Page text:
Communicating the Grading System

One of the primary goals of a proficiency-based grading system is to produce grades that more accurately reflect a student’s learning progress and achievement, including situations in which students struggled early on in a semester or school year, but then put in the effort and hard work needed to meet expected standards. If you ask nearly any adult, they will tell you that failures—and learning to overcome them—are often among the most important lessons in life.

In some communities, the transition to proficiency-based grading and reporting can become a source of misunderstanding, tension, and conflict. For this reason, it is critically important that districts and schools develop effective ways to explain new grading systems to their students, parents, families, and community. By being proactive and transparent in their communications about grading, schools can avoid difficult and time-consuming debates about grading symbols, and move on to more substantive conversations about teaching, learning, and proficiency.

What Districts and Schools Can Do

    1. Schools leaders and teachers should develop a strong and compelling rationale for the new grading system and be prepared to explain it to different audiences—specifically, why the new system is important and how it will support and improve the learning process for students. In all communications related to the grading system, always lead with the purpose and rationale—why it matters and why it’s good for students—and repeat the message multiple times. It’s easy for community conversations to get sidetracked by debates over grading symbols, so always bring the conversation back to the single most important issue: how the new grading system will improve teaching effectiveness and better prepare students for success in college, the modern workplace, and adult life.
    2. For schools that decide to use a 4.0 scale, remind families and community members that most colleges and universities use a 4.0 scale. The system has a long and storied academic history, and it will be immediately familiar and understandable to any college-admissions office in the world.
    3. Regardless of its design, every school should develop and publish a guide to its grading system for students, parents, and families. The guide should explain—in clear and understandable language—how the system works, what the grades mean, how it improves student learning, and how it helps teachers and support specialist more effectively diagnose learning needs. Make sure to include clearly annotated examples of progress reports, report cards, online systems, transcripts, and other reporting features that students, parents, and families will receive and have to interpret. For two examples of grading guides developed by schools, see the Casco Bay High School’s Family Grading Guide and Poland Regional High School’s Grading and Reporting at PRHS guide and 2013 Faculty Grading Guide.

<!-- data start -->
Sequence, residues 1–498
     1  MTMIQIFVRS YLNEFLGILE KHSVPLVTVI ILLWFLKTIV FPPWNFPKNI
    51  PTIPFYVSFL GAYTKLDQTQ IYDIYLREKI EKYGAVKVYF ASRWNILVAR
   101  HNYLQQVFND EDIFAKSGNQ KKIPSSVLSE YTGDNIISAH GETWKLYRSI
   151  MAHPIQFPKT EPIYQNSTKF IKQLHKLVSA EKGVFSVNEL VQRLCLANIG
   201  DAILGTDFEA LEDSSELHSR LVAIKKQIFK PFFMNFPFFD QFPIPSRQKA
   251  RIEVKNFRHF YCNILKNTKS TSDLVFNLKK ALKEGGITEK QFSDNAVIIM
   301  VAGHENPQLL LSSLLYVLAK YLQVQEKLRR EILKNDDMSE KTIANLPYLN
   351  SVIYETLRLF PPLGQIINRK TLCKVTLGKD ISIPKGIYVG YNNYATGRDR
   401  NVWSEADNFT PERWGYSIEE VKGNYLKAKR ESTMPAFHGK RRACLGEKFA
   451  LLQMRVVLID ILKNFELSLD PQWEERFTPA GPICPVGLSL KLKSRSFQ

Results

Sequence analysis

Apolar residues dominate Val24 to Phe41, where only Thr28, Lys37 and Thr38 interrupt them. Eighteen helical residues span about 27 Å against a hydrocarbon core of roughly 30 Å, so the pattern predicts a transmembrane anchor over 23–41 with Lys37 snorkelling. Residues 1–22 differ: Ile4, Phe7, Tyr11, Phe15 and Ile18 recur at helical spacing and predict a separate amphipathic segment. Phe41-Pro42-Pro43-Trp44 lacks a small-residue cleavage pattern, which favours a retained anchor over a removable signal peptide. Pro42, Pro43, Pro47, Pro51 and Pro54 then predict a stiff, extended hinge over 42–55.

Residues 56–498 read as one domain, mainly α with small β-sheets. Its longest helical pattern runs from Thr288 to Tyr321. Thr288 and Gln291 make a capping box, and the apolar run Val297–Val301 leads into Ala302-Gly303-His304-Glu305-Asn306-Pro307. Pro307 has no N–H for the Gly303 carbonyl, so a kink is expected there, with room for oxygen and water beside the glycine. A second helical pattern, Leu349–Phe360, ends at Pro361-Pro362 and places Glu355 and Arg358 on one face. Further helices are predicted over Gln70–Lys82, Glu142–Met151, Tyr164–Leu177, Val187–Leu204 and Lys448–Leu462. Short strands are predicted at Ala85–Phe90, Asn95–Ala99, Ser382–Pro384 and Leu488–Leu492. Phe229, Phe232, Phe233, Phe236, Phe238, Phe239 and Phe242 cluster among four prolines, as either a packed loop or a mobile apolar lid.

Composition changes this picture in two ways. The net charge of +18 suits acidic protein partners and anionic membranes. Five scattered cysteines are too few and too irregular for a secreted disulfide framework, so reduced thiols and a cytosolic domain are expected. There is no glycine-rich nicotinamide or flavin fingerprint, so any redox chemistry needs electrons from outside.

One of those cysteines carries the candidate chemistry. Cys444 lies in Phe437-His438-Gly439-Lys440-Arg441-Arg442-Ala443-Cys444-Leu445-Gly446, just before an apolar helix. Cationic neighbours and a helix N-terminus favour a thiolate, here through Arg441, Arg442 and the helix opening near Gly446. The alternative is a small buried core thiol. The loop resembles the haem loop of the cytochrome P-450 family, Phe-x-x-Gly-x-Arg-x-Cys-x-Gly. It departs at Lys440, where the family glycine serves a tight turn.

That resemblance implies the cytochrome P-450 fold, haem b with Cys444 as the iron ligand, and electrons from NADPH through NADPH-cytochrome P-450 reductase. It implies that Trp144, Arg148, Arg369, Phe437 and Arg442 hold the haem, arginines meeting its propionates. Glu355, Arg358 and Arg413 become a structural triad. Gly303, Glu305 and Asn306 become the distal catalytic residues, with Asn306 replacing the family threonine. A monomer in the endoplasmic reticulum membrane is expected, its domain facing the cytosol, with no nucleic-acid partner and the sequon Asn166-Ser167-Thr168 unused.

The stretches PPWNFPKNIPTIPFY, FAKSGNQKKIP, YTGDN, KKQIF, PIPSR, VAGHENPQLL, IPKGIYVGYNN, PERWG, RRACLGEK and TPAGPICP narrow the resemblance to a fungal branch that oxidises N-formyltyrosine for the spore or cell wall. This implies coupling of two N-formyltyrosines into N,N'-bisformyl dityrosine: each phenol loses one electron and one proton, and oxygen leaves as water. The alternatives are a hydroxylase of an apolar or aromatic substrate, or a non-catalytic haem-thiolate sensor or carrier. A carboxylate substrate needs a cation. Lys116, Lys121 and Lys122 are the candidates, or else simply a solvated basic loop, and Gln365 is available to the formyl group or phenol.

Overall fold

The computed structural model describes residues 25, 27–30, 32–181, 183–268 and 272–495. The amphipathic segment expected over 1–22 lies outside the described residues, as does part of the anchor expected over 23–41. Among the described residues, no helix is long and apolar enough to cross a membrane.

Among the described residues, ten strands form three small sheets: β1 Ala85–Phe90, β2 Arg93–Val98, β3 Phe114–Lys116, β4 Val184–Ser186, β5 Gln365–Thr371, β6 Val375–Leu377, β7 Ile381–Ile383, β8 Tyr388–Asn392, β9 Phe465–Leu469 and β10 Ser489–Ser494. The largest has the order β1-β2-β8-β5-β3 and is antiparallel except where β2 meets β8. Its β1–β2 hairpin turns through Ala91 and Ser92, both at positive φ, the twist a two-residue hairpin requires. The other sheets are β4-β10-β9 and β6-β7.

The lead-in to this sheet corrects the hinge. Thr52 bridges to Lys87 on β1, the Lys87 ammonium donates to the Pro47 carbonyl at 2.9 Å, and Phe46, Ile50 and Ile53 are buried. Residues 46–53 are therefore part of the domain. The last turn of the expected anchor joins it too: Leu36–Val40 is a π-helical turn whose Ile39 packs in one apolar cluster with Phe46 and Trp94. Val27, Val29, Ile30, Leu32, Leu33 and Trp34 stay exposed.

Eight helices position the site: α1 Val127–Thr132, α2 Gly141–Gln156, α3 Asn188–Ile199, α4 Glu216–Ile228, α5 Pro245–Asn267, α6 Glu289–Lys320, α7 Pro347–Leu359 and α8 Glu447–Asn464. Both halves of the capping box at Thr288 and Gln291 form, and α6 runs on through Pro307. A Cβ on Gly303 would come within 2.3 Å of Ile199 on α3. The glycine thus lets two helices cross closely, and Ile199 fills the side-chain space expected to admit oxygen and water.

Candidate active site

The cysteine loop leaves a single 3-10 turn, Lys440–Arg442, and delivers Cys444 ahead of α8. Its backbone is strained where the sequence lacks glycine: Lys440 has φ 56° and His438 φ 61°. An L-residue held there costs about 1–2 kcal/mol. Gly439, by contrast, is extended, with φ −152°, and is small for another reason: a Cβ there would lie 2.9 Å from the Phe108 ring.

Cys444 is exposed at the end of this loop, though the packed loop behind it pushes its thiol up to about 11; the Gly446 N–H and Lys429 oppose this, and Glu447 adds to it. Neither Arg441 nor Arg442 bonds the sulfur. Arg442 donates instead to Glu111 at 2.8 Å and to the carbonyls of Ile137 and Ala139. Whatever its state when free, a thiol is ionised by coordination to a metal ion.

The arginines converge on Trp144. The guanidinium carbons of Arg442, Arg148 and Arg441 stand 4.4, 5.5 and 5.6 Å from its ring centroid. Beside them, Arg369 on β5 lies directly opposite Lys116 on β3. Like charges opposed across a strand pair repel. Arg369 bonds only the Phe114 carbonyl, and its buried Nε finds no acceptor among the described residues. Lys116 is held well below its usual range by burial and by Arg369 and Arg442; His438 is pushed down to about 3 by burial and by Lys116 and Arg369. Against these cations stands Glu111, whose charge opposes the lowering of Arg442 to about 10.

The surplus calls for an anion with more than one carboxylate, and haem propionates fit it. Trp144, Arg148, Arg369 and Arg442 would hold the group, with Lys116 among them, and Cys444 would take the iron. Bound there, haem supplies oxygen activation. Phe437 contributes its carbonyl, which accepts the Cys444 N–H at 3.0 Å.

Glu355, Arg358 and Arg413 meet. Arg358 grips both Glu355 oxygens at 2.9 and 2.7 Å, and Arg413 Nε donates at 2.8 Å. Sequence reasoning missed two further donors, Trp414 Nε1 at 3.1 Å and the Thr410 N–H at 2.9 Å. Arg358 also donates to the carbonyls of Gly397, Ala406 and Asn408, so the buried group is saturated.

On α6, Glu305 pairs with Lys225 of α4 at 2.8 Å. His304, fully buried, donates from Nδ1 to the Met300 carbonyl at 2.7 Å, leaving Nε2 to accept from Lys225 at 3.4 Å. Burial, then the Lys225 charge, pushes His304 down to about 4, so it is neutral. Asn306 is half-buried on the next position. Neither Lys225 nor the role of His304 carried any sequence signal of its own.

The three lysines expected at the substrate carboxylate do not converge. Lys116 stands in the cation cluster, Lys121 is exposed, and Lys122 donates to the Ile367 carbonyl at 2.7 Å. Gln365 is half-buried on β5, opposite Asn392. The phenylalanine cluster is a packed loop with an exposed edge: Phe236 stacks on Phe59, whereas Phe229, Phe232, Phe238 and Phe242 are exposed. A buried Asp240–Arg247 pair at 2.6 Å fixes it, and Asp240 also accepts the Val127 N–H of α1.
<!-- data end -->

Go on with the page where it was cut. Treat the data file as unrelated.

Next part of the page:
4. Develop communication assets that explain the new grading system using accessible language and concrete examples, particularly examples that make a strong case for proficiency-based learning and grading. Whether the communication strategy is a guide, website, video, or presentation, use charts, illustrations, side-by-side comparisons, and other features that simplify any complexities and facilitate understanding. While the grading guide will provide a detailed explanation of the new system, your communications materials should avoid technicalities and embrace the big picture: why it will improve teaching effectiveness and student preparation for adult life. For an example of one school’s approach, see King Middle School’s video on standards-based grading.
    5. Be proactive. Before announcing the new system, make sure you have your grading guide, website, videos, and presentations ready to go. Meet with parent groups, newspaper editors, and other influential community leaders and organizations in advance of the announcement to brief them on the new system. Try to identify any potential sources of confusion, debate, or resistance, and have a plan to address misunderstanding if it arises. Make sure your community hears your message before it hears someone else’s—after all, it’s your system and you know best how it works and why it matters.
    6. In some cases, it might be helpful to provide parents and families with a simple conversion chart that shows how the new proficiency-based grading system compares to more traditional systems. While such a chart may not represent a strict apples-to-apples comparison, it can nevertheless help families understand how the new grading system works. Such an approach can also help schools illustrate how the new proficiency-based grading system will raise the bar for students and better prepare them for life (*please note that the Great Schools Partnership only recommends that comparison charts be used only as a communications tool):
4.0 ScaleDescriptionLetter Grade100-Point Scale
4.0Exceeds ProficiencyA+98–100
3.8Exceeds ProficiencyA95–97
3.6Exceeds ProficiencyA-93–94
2.5Partially ProficientC75–84
2.0Partially ProficientD70–74
1.0Insufficient EvidenceF69 and below

Download Communicating the Grading System (.pdf)

← Return to PBL Tool Menu

Creative Commons License Proficiency-Based Learning Simplified by Great Schools Partnership is licensed under a Creative Commons Attribution-NonCommercial-ShareAlike 4.0 International License.